Fire chief: Whispering Hills fire originated in illegal garage bedroom

| 24 Mar 2019 | 10:45

    By Ginny Privitar
    — Friday evening's fire in Whispering Hills reportedly started in an illegal garage bedroom, although its cause is still unknown.
    “When I last spoke to fire investigator, he said fire originated in the garage of 1307," Chester Fire Chief Pat McKevitt told The Chronicle, referring to the resident's unit number. "There was an illegal bedroom in the garage. The inspector was not able to determine cause."
    The damage extends from unit 1307 to 1311, but it could have been much worse, McKevitt said.
    "The buildings have a fire wall that runs the length of building all the way up to roof line," he said. "It did its job and kept fire from going into the front units, which received minimal damage. The fire was contained to the garage and went outside (up the wall). It was good the heavy wind didn’t start until late last night. Otherwise it would have blown across the roof, outside the fire wall, which would have caused more damage.”
    McKevitt believes there’s a fire wall between units 5 and 7, located in the middle-front of the building, and between units 1 and 11, located in the back of the building, above the garages.
    All the affected units had smoke or water damage, and some damage the fire companies as they checked the fire as it spread.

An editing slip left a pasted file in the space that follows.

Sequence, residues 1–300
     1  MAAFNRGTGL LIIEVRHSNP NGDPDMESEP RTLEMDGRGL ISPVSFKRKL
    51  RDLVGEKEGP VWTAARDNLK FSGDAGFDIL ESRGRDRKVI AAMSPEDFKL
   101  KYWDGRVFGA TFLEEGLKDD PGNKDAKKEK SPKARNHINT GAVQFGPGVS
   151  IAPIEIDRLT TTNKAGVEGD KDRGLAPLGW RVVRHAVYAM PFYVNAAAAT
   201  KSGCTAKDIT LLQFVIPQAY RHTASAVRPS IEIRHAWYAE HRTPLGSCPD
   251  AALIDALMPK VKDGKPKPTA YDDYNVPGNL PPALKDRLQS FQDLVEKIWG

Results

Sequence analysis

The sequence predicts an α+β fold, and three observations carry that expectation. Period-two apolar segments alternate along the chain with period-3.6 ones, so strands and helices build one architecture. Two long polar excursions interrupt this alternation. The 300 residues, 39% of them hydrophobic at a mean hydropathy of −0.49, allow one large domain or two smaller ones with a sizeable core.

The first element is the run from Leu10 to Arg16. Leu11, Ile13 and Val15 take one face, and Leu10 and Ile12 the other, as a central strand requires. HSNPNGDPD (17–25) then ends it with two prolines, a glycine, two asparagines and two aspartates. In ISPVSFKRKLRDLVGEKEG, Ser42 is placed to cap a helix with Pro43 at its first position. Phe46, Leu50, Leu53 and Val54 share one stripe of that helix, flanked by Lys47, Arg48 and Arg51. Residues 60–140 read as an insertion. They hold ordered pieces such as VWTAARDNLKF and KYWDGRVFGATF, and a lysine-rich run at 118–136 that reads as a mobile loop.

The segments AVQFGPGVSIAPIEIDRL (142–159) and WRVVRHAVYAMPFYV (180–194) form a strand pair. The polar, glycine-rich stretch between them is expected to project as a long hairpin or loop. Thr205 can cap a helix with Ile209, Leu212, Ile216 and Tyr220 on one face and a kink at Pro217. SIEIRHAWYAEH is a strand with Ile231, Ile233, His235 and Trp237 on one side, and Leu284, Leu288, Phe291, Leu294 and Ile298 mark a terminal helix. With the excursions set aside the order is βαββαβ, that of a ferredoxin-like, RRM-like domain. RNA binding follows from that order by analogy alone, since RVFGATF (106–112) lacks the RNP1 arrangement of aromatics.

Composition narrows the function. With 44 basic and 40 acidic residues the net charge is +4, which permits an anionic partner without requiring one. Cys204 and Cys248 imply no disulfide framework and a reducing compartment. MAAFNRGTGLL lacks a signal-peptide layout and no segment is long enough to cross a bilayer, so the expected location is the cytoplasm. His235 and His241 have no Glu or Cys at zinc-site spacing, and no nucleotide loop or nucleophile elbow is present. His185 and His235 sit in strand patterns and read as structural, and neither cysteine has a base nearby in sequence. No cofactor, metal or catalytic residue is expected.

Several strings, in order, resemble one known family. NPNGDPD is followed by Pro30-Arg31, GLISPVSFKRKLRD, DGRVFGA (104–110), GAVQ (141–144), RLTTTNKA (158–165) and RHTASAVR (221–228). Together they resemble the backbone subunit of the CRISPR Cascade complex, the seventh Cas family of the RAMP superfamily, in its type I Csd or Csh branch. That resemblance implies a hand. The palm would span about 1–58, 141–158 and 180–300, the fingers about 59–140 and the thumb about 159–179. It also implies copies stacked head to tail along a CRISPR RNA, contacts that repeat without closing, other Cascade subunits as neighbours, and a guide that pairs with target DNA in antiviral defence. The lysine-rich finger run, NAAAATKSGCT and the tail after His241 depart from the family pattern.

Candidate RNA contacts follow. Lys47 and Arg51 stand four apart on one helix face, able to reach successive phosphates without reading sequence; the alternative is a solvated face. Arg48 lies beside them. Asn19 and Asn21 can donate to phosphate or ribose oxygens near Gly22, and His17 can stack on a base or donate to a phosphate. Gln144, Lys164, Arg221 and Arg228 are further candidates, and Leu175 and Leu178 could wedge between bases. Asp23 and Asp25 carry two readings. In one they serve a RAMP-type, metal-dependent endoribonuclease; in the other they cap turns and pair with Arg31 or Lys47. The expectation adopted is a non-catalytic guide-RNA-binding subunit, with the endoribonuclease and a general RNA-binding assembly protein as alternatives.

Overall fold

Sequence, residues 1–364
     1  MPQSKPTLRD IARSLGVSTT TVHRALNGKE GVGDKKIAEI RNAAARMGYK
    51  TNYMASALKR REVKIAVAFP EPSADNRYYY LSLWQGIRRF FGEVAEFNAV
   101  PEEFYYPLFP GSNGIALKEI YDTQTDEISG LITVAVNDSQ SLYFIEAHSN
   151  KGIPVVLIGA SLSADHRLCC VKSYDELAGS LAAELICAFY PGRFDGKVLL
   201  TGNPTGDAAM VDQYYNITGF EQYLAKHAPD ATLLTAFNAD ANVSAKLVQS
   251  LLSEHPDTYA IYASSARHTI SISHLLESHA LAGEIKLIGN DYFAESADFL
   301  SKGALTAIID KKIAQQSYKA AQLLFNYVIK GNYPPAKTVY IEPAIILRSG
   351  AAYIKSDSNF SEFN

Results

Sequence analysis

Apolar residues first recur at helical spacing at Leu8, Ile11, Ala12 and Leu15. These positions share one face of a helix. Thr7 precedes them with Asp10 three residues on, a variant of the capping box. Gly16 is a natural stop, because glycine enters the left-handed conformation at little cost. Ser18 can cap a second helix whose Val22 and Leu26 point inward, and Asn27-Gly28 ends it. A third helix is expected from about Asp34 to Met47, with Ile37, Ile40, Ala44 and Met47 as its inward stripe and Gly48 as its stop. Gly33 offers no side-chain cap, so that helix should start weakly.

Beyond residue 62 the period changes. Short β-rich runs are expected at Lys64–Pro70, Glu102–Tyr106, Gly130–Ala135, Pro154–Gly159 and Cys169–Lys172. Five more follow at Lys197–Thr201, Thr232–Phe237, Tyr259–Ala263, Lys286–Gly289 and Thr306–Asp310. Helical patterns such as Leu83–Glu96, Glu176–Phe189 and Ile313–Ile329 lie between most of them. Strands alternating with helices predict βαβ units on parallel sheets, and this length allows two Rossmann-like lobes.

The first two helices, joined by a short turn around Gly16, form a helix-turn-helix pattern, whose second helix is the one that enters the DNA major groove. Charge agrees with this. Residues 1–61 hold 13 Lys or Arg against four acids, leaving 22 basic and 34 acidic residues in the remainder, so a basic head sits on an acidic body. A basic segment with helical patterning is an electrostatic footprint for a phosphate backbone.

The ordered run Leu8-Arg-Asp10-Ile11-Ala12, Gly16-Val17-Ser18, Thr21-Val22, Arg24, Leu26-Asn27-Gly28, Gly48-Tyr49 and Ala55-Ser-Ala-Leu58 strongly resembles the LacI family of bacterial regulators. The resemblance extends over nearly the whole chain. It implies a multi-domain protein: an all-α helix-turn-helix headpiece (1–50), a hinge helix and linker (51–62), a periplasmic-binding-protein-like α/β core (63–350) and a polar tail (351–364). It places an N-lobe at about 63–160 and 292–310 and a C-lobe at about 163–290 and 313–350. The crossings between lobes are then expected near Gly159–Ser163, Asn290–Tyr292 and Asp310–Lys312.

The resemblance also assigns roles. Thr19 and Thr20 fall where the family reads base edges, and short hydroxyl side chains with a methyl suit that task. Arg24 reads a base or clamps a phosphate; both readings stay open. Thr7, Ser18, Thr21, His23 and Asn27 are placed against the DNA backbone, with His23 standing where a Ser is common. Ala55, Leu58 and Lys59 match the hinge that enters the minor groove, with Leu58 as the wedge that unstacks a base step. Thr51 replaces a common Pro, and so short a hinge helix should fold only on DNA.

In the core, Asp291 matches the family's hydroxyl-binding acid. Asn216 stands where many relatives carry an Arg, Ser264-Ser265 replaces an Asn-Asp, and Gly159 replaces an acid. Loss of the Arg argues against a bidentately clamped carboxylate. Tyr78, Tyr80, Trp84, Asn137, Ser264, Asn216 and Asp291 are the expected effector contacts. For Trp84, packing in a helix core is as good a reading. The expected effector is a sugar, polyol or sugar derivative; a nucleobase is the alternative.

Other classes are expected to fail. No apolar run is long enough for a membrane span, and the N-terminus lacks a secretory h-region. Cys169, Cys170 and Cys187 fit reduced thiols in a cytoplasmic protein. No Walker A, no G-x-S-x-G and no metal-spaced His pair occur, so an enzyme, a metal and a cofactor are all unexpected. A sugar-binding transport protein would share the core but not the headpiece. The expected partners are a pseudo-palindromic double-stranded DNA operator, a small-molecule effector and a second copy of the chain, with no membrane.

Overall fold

Heavy smoke filled the valley by the ShopRite plaza and the intersection by Route 17M/Brookside Avenue, near the McDonald’s restaurant and Academy Avenue.
    Fire companies respondThe fire was already extensive when firefighters first arrived at the scene.
    McKevitt said that, in addition to Chester, fire companies that responded were from Goshen, Monroe, Warwick, and Washingtonville.
    "We had tankers from Florida, Monroe, and New Hampton, and due to a shortage of manpower, we had to put the ‘fast team’ from Washingtonville to work," McKevitt said. He called for a second fast team from Circleville and the Silver Lake Fire Department.
    The fire was two-alarm, with a couple of extra units. It never went to three alarms.
    Companies from Greenwood Lake and Warwick were on standby.
    "Each alarm represents pre-set responses," said McKevitt. "A two-alarm is a working fire, and we get an additional three to four engines, tankers, and a ladder truck."
    A member of Walton Engine and Hose and her parents were among those displaced by the fire. The Red Cross came and assisted.
    Before they left the scene, firefighters escorted homeowners back into their residences to retrieve essentials like medicines, important documents, and a change or two of clothes.
    The smoke damage in all affected units will have to be cleaned.
    The front units have minimal damage, and McKevitt said there’s no reason why they can’t be repaired and re-occupied.
    Unit 1311 suffered the most fire damage and will take longer to fix.
    Related story:Please see related story, "Fire breaks out in Whispering Hills"